Sunday, October 18, 2009
This the first time Chaos and Storyteller publish a review about the same movie. Maybe both reviews are similar, but I believe that Chaos points out different reasons to like the movie and the point is that we decided to share both reviews. In the future perhaps we will not agree or we will, but today we start the series: Chaos Says/Storyteller Says that we hope you'll enjoy!
The movie story is narrated by the schoolmaster, who warns us right at the beginning that his memories might not be accurate. The setting takes place in Germany, in 1913. Mysterious accidents start happening, causing severe injuries or even death. As the movie progresses we start to get acquainted with the village and it’s inhabitants: the Baron, the Pastor, the doctor, the farmers, their children…we are, of course, being presented with representations of power, religion, all the social classes fitting nicely in the habitual slots.
Is Haneke reproducing a small-scale of society? And is he talking about that society in a particular place and time, or any society on any moment? Most aspects of social life remain unchanged through time and geographic distances. There are power struggles, money struggles, dominant personalities, crimes and deception behind closed doors, adultery and murder. Bad instincts, unfortunately, have always been a part of human race and will continue to be.
Because of this aspect, The White Ribbon reminded me of another of Haneke’s works, 2003’s “Le Temps du Loup”. I think there is a clear connection between these two movies, at least because I can imagine The White Ribbon brewing on his mind as Le Temps du Loup was being created. As it happens, we are again looking to a small society, born out of odd circumstances, but facing the same kind of problems and tense interactions. It is not an easy movie to watch, but if you have not seen it I recommend doing so; but please do it before watching The White Ribbon. I’m afraid any of his previous movies will seem ordinary after watching The White Ribbon.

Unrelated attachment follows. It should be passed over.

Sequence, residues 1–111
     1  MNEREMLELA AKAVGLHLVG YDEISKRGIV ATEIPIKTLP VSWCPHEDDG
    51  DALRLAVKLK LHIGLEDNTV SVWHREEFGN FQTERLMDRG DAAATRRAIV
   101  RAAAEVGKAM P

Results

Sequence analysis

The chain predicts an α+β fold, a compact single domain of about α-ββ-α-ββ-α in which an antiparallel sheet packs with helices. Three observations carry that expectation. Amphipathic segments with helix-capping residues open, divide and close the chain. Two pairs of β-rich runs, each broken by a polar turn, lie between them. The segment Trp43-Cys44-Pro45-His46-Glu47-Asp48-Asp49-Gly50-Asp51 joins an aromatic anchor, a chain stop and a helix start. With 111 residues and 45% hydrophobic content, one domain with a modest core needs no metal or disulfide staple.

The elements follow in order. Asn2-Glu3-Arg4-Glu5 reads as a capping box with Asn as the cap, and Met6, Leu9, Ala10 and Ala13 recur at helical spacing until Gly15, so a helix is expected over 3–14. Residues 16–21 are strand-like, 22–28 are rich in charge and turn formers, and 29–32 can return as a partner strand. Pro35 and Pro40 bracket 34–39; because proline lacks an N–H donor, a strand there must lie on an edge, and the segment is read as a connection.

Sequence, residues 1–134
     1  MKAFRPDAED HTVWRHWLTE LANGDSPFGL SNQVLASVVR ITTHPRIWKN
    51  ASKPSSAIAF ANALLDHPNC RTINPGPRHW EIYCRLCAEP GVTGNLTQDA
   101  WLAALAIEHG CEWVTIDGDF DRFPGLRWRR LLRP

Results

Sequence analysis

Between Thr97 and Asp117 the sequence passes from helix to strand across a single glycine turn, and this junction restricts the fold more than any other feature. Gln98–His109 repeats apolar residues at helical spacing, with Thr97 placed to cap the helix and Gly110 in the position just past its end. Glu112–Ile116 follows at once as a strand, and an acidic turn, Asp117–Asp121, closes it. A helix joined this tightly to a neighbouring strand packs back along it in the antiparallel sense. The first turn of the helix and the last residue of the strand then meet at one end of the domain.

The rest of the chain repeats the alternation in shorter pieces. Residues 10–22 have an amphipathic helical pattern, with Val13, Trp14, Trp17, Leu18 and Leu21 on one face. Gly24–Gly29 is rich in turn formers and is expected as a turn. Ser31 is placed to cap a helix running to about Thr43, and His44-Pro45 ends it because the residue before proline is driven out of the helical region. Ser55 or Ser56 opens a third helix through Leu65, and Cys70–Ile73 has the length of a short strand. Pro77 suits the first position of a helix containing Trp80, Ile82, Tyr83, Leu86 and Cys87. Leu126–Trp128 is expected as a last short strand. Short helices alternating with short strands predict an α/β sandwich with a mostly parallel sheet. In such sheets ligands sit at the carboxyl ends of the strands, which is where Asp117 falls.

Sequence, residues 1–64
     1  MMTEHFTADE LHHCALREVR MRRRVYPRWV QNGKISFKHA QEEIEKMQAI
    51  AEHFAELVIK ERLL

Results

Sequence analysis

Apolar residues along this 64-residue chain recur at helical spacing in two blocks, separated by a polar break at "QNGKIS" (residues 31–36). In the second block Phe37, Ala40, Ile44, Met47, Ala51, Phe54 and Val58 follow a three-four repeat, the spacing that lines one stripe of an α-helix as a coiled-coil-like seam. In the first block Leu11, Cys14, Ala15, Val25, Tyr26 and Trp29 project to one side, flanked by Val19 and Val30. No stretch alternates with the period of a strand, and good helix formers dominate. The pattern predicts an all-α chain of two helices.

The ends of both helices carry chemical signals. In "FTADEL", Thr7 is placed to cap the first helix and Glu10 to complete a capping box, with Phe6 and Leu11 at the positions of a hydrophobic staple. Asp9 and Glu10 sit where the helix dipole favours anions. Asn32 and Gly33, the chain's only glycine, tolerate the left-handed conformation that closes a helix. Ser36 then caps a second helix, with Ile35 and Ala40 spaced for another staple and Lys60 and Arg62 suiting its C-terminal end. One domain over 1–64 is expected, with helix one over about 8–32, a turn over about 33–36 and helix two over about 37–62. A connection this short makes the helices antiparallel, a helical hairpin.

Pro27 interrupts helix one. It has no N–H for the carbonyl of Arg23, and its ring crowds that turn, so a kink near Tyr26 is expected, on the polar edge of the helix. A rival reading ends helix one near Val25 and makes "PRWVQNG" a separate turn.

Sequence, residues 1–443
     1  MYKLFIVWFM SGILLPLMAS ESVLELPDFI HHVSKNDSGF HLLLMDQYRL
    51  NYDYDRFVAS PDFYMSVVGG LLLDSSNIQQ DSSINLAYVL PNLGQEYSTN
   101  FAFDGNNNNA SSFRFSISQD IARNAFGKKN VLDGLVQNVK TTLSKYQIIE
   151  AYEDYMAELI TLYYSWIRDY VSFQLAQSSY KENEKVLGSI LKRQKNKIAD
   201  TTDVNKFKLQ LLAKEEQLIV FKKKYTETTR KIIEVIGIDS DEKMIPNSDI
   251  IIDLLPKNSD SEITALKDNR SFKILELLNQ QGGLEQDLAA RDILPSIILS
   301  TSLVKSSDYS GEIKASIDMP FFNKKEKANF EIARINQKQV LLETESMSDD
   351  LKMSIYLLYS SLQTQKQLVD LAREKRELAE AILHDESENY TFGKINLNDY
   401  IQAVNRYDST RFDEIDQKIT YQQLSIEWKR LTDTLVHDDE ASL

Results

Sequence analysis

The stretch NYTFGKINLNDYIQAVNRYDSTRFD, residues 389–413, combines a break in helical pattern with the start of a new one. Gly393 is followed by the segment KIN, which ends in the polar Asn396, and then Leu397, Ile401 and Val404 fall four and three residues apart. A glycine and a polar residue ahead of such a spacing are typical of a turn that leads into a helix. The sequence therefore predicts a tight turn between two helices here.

Brilliant cinematography, and if you have read any of my reviews before, you know I don’t like to praise cinematography “just because”. Haneke’s choice of black –and-white is magnificent and suits the movie perfectly. Color is not needed and would serve no purpose. Also, I don’t recall ever being so fascinated by the sharp, beautiful photography.
The acting is so good that I had a hard time finding the right words to define it. To show several emotions without saying anything is true art. I have to mention Leonie Benesch, playing Eva. Some scenes with her will be forever ingrained in my visual memory, much to my happiness. And Maria-Victoria Dragus as Klara. In both cases, two very young actresses that I’m certain have a bright future ahead.
As for the story…well, you can believe it happened as told, or not. Haneke has put a gigantic amount of effort in controlling all details about this movie; just for the children’s casting, they went through six months and 7.000 kids. Really. So, because of that, I am sure it’s not accidental that the movie is so ambiguous. Haneke plays with the audience but, for once, I enjoyed it.
Having watched the movie twice in one day, I must say I am absolutely in love. Being teased can be a great thing if it is done by a Master.
I only regret that I can’t find words good enough to describe this flawless movie, I feel like I’m giving Haneke a poor service. So, to put it simply: a Masterpiece.
Green light, full speed!
To be honest, watching this extraordinary film has been an amazing experience like no other I have ever lived -perhaps I’m exaggerating as I was really positively shocked with Passolinni’s Teorema and some Fellini’s films… and Bergman… and Tarkovsky… (lol!)-; but it’s close. Truth is this is the best Haneke film that I have ever seen and I enjoyed a lot his multiple award winner Caché and still have in my mind The Piano Teacher.
I’m really not kidding when I say that this film is extraordinary, so much that it has taken me almost a week to get the guts to write something about this unbelievable film and I know that I’ll ramble, so please I beg you loyal readers to bear with me.